Friday, July 25, 2008

Vandals Keen On En-Bloc Sale Damage Cars

Source : The Straits Times, July 24, 2008

Lexus and Toyota vandalised in the latest attacks in Laguna Park

HUNGER for en-bloc dollars looks to have turned vicious at a quiet private estate in East Coast.

On Tuesday night, two residents of the 530-unit Laguna Park estate discovered that their cars had been doused with a corrosive liquid, possibly paint thinner.

UGLY ACT: Corrosive liquid was thrown on a Lexus belonging to a Laguna Park resident who is against a collective sale of the estate. It may have been a vicious attempt to change his mind. -- ST PHOTO: DESMOND LIM

They were among the residents who had not yet agreed to put the seaside development up for sale. Earlier this month, two other cars belonging to the dissenting group were also vandalised.

Residents claim they were the latest of several cases of vandalism that began after the possibility of going en-bloc arose last December.

The estate has until the end of this year to gather an 80 per cent vote to put it up for sale. But so far, residents say less than 65 per cent are onboard.

Residents have been told by a property valuer that an average unit could be worth more than $2.1 million and the penthouses almost $4 million if the estate goes en-bloc. A resident said the market rate for a normal unit now is about $1.3 million.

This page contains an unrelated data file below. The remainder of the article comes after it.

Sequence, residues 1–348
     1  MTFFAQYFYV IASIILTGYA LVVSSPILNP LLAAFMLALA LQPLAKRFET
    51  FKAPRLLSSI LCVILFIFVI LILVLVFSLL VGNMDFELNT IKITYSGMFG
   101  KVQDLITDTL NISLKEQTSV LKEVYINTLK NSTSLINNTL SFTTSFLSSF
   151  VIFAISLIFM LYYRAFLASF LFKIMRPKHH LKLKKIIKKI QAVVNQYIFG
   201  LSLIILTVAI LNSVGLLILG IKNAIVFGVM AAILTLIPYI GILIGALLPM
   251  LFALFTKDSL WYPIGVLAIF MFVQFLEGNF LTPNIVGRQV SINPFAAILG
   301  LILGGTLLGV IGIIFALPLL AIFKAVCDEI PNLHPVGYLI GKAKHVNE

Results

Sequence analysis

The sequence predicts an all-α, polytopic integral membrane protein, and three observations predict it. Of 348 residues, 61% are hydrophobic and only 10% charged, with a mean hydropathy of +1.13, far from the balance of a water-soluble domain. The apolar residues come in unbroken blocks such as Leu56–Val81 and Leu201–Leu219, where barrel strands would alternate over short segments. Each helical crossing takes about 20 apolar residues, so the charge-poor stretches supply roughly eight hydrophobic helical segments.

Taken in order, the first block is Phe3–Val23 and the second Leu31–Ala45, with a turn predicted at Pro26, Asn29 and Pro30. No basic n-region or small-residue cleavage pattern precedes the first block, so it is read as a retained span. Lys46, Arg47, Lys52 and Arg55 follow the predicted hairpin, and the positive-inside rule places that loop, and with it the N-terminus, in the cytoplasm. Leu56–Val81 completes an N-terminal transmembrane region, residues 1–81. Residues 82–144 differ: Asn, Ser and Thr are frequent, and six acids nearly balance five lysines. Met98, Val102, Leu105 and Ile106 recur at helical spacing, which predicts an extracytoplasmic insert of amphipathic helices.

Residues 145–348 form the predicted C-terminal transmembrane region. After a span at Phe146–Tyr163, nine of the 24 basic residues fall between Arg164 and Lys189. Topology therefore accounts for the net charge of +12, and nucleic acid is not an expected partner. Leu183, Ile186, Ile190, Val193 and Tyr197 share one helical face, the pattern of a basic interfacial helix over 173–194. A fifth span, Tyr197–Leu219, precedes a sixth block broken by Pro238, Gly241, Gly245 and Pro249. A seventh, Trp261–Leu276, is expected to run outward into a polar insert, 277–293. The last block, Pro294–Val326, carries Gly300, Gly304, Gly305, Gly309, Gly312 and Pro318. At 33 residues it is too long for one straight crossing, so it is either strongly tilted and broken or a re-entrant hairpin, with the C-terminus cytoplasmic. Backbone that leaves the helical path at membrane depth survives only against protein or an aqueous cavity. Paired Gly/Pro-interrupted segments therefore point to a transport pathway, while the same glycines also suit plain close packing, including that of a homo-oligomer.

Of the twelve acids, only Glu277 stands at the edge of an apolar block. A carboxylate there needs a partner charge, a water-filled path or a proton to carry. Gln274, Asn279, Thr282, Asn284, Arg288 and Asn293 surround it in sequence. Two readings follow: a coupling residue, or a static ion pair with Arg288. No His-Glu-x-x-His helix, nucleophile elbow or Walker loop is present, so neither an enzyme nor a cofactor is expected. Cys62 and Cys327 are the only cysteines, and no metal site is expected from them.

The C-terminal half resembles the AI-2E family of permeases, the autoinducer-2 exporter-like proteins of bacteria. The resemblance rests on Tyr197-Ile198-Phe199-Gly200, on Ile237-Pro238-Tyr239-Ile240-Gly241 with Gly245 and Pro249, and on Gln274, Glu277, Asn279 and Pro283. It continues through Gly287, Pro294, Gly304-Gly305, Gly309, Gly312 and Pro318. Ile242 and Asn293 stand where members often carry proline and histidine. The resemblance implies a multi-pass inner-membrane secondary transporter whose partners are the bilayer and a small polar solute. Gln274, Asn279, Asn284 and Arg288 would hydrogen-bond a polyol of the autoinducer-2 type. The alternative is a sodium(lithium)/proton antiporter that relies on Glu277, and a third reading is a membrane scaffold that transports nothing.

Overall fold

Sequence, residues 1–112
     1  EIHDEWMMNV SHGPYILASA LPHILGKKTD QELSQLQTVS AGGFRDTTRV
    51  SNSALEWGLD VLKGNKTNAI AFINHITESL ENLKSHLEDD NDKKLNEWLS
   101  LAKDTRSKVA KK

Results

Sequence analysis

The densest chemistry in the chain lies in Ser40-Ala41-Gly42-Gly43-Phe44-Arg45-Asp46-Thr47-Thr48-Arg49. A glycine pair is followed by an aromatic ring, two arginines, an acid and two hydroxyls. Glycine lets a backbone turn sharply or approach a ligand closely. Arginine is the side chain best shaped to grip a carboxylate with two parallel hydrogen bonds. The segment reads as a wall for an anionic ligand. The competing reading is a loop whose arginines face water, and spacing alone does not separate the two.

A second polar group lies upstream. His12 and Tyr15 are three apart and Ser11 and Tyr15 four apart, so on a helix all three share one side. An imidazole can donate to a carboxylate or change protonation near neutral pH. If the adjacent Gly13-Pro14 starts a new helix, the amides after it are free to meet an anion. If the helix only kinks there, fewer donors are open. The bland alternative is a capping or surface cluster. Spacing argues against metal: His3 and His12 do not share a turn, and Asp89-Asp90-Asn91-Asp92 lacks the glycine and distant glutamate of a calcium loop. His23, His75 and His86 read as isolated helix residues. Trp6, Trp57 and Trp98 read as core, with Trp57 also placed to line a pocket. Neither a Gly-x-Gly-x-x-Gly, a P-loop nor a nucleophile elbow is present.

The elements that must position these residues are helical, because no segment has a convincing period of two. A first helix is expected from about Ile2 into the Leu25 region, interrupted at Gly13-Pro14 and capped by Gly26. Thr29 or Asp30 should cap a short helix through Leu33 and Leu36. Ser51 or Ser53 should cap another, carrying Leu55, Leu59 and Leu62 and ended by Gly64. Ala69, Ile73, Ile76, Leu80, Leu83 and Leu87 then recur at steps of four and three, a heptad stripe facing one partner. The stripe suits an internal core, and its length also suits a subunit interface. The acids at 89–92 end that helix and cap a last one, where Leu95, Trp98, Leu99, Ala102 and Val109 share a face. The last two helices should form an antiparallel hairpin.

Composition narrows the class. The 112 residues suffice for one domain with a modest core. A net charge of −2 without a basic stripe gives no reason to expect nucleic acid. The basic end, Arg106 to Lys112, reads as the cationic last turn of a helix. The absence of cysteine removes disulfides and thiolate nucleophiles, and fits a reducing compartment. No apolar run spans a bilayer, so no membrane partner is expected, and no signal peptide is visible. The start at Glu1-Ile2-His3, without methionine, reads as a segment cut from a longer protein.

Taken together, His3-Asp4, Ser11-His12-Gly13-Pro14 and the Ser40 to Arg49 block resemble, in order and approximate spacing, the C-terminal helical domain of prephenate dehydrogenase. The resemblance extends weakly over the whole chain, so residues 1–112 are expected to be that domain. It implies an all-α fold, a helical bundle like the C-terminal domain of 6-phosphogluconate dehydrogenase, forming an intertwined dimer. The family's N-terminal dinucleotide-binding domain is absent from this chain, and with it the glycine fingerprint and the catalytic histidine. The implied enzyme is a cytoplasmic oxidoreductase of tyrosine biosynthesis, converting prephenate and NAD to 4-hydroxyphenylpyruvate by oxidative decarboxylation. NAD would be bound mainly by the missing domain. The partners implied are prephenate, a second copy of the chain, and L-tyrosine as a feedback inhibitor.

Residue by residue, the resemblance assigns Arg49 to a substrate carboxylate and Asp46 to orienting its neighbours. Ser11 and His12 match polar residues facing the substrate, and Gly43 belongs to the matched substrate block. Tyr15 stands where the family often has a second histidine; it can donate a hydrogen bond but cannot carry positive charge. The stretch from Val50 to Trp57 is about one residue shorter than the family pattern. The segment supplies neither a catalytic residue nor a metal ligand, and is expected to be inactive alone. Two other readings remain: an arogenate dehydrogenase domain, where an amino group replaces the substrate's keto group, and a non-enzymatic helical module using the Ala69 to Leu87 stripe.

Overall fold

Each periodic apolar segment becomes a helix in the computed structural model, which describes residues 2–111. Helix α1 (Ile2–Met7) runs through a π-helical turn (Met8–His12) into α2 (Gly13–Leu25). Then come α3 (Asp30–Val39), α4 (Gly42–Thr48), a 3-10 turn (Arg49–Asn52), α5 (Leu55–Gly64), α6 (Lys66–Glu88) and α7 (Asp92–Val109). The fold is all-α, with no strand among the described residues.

Some of the holdouts have lived in Laguna Park since it was built in 1977, while others have been there for many years.

Some residents told The Straits Times they were surprised that the sale has fostered so much acrimony.

Five cars have been vandalised in recent weeks, said the outgoing chairman of the condominium's management committee, Mr Chua SC, who declined to give his full name. Some vehicles were doused with a corrosive liquid while others were scratched and splashed with black paint.

Police reports have been made and investigations are under way.

An independent analyst said residents sometimes do strange things in the hopes of pushing through an en bloc sale.

'But resorting to criminal acts...this would be the first time,' said Mr Ku Swee Yong, Savills' director of marketing and business development.

The vandalism could ultimately be a futile exercise with the cooling property market, said Mr Ku.

'It's a bit of a long shot in these market conditions to find buyers.'

Laguna Park residents told The Straits Times yesterday that they believed the vehicle attacks were 'inside jobs' committed by people who support the en-bloc deal.

If this proves true, Mr Chua thinks it is a 'very stupid, silly and naive way of trying to get people to sign'.

'I don't think this is the right way to do it,' said an agitated Mr Chua, who had the logo ripped off his Nissan about three weeks ago.

Mr Robin Sng, a company director, owns one of the cars damaged on Tuesday night. The corrosive liquid ate away the paint on the bonnet, door and bumper of his four-year-old Lexus.

'I feel frightened,' he said.

A brand new Toyota parked 50m away was also vandalised on the same night.

A resident diligently went round the estate's dustbins and found a can of paint remover in a rubbish bin near the carpark. The can was taken away as evidence by the police, who are investigating the rash of vandalism.

Mr Chua said he told residents at a recent annual general meeting that something had to be done about the cases.

Residents earlier shot down the idea of installing surveillance cameras, he said.

'Now I suppose it has become urgent enough to reactivate the idea.'

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